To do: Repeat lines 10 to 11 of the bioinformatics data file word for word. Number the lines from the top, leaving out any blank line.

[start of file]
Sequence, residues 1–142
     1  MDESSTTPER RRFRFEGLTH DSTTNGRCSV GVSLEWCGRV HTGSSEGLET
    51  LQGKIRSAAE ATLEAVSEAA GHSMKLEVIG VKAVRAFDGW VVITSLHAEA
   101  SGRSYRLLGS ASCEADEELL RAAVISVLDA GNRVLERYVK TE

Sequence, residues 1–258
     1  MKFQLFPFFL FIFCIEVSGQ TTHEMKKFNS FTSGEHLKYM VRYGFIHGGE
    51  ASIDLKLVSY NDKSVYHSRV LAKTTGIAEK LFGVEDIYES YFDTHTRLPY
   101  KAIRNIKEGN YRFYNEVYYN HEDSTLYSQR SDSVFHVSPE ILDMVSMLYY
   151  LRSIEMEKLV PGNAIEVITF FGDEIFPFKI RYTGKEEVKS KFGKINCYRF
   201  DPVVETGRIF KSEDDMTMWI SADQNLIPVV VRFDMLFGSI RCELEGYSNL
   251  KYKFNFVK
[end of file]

   201  DPVVETGRIF KSEDDMTMWI SADQNLIPVV VRFDMLFGSI RCELEGYSNL
   251  KYKFNFVK